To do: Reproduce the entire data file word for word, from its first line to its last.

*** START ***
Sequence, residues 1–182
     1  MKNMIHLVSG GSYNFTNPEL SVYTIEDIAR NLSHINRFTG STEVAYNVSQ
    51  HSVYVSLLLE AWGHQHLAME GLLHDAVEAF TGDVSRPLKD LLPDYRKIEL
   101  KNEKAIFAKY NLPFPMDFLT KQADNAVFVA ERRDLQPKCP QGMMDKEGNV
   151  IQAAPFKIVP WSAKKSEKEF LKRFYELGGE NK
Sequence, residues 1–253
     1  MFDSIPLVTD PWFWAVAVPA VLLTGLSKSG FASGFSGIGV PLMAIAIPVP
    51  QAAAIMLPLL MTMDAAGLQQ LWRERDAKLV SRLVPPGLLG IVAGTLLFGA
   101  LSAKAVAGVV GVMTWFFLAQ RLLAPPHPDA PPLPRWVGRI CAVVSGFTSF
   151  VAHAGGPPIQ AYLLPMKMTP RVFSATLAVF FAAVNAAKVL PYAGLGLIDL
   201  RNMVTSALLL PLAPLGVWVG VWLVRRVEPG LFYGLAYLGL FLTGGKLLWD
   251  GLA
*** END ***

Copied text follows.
Sequence, residues 1–182
     1  MKNMIHLVSG GSYNFTNPEL SVYTIEDIAR NLSHINRFTG STEVAYNVSQ
    51  HSVYVSLLLE AWGHQHLAME GLLHDAVEAF TGDVSRPLKD LLPDYRKIEL
   101  KNEKAIFAKY NLPFPMDFLT KQADNAVFVA ERRDLQPKCP QGMMDKEGNV
   151  IQAAPFKIVP WSAKKSEKEF LKRFYELGGE NK
Sequence, residues 1–253
     1  MFDSIPLVTD PWFWAVAVPA VLLTGLSKSG FASGFSGIGV PLMAIAIPVP
    51  QAAAIMLPLL MTMDAAGLQQ LWRERDAKLV SRLVPPGLLG IVAGTLLFGA
   101  LSAKAVAGVV GVMTWFFLAQ RLLAPPHPDA PPLPRWVGRI CAVVSGFTSF
   151  VAHAGGPPIQ AYLLPMKMTP RVFSATLAVF FAAVNAAKVL PYAGLGLIDL
   201  RNMVTSALLL PLAPLGVWVG VWLVRRVEPG LFYGLAYLGL FLTGGKLLWD
   251  GLA